Weber Watch 2012: What If The Predators Can’t Pay Up?
Predators GM David Poile has a week to consider the Flyers’ offer sheet for Shea Weber (Dave Sanford/NHLI via Getty Images)
By: Tyler J. Altemose (@TJamesAltemose)
Many questions surround the recent offer sheet tendered to the Nashville Predators by the Philadelphia Flyers. But one of the more intriguing questions is, what happens if the Predators match the Flyers offer but can’t pay Shea Weber?
The Nashville Predators are a small market team. Forbes magazine ranked the Predators’ value at just $163,000,000 — 25th in the NHL. So with the Flyers’ recent offer sheet of $110 million for defenseman Shea Weber to consider, the question of whether or not the Predators can pay up is a viable one.
The problem teams like the Predators have is twofold. The first part is spending enough money in the upcoming League year that they meet the salary cap floor of $54.2 million. So far the Predators are farthest from the floor, having spent only $40.8 million on 18 players for the 2012-13 season.
The other part is staying within their limits. The Predators only have so much revenue, so while they need to spend money to get to the cap floor, they can only spend within their limits.
This leads to the question, what happens if the Predators match the Flyers offer but can’t pay Shea Weber?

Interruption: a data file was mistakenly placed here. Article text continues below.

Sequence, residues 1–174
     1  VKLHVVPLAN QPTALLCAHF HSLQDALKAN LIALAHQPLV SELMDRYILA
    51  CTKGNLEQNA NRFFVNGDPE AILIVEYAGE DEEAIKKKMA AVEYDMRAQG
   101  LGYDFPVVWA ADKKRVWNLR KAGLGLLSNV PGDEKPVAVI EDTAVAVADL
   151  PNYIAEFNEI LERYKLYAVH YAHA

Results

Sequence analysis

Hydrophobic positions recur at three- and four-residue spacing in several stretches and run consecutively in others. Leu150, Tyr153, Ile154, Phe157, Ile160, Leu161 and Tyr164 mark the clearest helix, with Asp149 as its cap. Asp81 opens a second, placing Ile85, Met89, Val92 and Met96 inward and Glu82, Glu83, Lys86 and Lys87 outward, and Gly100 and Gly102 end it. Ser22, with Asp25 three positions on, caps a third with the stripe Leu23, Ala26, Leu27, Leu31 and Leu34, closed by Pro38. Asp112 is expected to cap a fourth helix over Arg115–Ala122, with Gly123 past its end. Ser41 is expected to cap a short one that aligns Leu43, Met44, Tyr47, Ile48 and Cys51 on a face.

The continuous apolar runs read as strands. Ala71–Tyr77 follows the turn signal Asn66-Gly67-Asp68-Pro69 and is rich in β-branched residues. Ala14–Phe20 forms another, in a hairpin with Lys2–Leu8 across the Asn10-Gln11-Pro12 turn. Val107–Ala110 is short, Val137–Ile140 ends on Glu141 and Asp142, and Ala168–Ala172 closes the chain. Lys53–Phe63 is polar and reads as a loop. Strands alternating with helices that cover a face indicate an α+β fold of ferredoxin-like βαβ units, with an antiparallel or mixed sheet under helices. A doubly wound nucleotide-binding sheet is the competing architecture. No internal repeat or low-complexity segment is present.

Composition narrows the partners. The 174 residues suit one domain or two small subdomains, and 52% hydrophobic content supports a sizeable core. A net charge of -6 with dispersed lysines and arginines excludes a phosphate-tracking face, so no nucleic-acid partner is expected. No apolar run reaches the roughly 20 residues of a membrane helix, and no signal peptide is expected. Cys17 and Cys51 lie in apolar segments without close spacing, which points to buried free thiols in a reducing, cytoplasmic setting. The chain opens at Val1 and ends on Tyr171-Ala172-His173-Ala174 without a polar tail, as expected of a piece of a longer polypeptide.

The NHL’s Collective Bargaining Agreement contains a section dealing specifically with contract defaults, which makes this question relatively straightforward.
If at any point a Club becomes unable to pay a Player, they (the Player) may notify the NHL and NHLPA in writing of the default. If the Club fails to remedy the default within 14 days, the Standard Player’s Contract (SPC) becomes void. However, the Club must pay the Player up to the date in which the default occurred. During the remedy period, the Player is not obligated to abide by the terms of the contract.
The Player can also ask the League for assistance. If the League agrees to take up the remedy, the Club would still have 14 days to remedy the situation. If the Club cannot pay, the League will pay the remainder of compensation the player is owed per the SPC. If the Player chooses this route, he must continue to perform under the terms of the SPC during the time in which the Club and League are attempting to remedy the situation.
Finally, if the League decides to remedy the default, it may choose to reassign the Player to another Club.
Given the situation with Shea Weber and the tendered offer sheet, it seems likely that if the Predators match the Flyers offer and are then unable to pay Shea Weber one of two scenarios will play out.
In the first scenario, Weber asks the League for assistance with the remedy and his contract is re-assigned to the Flyers if the Predators can’t pay up in their two week remedy period.
In the second scenario, Weber does not seek assistance from the League and he becomes a restricted free agent if the Predators cannot remedy the default within 14 days.
Source: Collective Bargaining Agreement Section 11.15 (pp. 50-51)